Kerry report: How are consumers’ perceptions of clean label evolving?

By Mary Ellen Shoup contact

- Last updated on GMT

 ©GettyImages / Goran13
©GettyImages / Goran13

Related tags: Kerry, Clean label

Many consumers subscribe to a basic understanding of ‘clean label’ – for most, it loosely means products with fewer, recognizable ingredients free from preservatives and artificial additives – however, new research from Kerry shows that this definition has evolved and become more nuanced.

This is Kerry’s update to its 2017 Clean Label Study, which studied over 700 US consumers who said they read product labels, nutrition facts, and ingredient declarations. In its 2019 Clean Label Study​, Kerry surveyed 2,100 US consumers who described themselves as ingredient and nutrient conscious.

Kerry found that 60% of consumers say they are familiar with clean label and 44% say clean label is important to them. More than three-quarters (76%) of foodservice consumers say clean label foods are healthier than traditional foods.

“Clean label, once a differentiator and trend, is now a table-stake and an expectation from consumers. While the gravity of clean label and its subsequent attributes differ by the food or beverage in focus, its importance among consumers has only been compounding over the years,”​ said Soumya Nair, director of marketing insights at Kerry.

According to its 2019 Clean Label report, Kerry found that consumers have started to question the presence of product claims, certifications, and ingredients in order to understand their impact on overall health.

“As a result, the understanding and relevance of clean label has become more nuanced,”​ Kerry noted in the report.


The importance of Non-GMO has declined

Kerry measured more than 35 product claims, 77 menu claims, and 164 ingredients across consumer generations.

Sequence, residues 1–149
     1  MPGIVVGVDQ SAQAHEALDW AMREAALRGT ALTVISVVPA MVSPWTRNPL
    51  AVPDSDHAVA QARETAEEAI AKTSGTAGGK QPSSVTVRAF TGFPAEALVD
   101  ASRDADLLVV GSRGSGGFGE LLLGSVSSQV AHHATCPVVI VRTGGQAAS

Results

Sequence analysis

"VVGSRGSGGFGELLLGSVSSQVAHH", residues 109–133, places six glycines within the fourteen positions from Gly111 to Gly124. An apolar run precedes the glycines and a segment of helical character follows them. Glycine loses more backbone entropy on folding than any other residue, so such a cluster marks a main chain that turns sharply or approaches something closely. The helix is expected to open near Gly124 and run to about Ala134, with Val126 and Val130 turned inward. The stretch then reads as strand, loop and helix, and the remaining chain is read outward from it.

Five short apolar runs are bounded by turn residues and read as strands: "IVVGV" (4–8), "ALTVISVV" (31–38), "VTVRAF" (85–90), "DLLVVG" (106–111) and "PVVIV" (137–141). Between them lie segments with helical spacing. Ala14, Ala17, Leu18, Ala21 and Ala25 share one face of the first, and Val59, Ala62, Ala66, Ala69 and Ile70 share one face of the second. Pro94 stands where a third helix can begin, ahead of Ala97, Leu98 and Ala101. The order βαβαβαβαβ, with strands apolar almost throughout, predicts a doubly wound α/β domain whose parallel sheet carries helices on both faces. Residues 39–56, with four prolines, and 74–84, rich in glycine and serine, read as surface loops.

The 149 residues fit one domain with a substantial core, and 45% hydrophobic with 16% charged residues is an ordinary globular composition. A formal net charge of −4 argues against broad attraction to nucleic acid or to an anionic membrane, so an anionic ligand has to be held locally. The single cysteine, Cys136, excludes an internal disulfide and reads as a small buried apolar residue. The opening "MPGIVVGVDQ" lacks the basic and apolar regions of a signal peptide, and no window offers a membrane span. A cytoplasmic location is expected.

Consumers may be searching for simpler ingredient decks, but they also want their food and beverages to deliver functional benefits such as cognitive health, gut health, stress management, energy, sleep aid, and others.  According to Kerry’s research, 51% of US consumers have weight and stress as their top health concerns, followed by energy and sleep.

Consumers are shifting their focus to 'real' ingredients that connote fresh, wholesome, and unprocessed in food and beverages. Meanwhile, the importance of Non-GMO has declined, while the ‘made with real ingredients’ claim has risen in significance.

 Products containing ‘made with real’ claims have grown 54% between 2016 and 2018,6 and the ‘real’ claim on fast casual menus has grown 12% since 2016.. For example, the ‘made with real cheese’ claim grew over 20% between 2016 and 2018 on new retail product launches.

“The consistent growth in focus toward ‘functional and real’ has led to a crescendo moment for the industry, beckoning a new foundation for the future of food and beverages,”​ noted Kerry.

Along with health, real and recognizable ingredient, and functional benefits, consumers expect clean label and nutrition-focused food and beverage product to taste good, added Kerry.


New framework of clean label emerges

The focus on elimination of ‘negatives’ (such as sugar, sodium, cholesterol, and fat) continues to gain priority among consumers, and the addition of ‘positives’ such as protein, vitamins, and fiber remains consistent, according to Kerry’s research.

“Sugar continues to be a big priority for US consumers, with a focus on both the content of sugar in the product and the ‘No Added Sugar’ claim on the package. However, among younger consumers, the focus is not only on content of sugar but the source of sweetener as well,”​ noted Kerry.

Kerry’s consumer research found that millennials focus on added nutritional benefits such as protein, vitamins, and minerals, while baby boomers focus on the elimination of sugar, sodium, and fat.

As a result, 65% consumers are not only looking for the elimination of unrecognizable and artificial ingredients but the addition of ‘purposeful ingredients’ that deliver added functional benefits.

The top five ingredients perceived to deliver functional benefits include: Omega-3 fatty acids/DHA, green tea, honey, coffee, and probiotics.

Regardless of generation and age group, consumers are reading nutrition label and ingredient decks with closer scrutiny, and need food and beverage manufacturers to provide them with detailed information.

In fact, 49% of consumers say there is not enough information on product packaging to help them meet their dietary needs or lifestyle preferences. Additionally, 75% of consumers said they are willing to switch from their usual brand to one that provides more in-depth product information.

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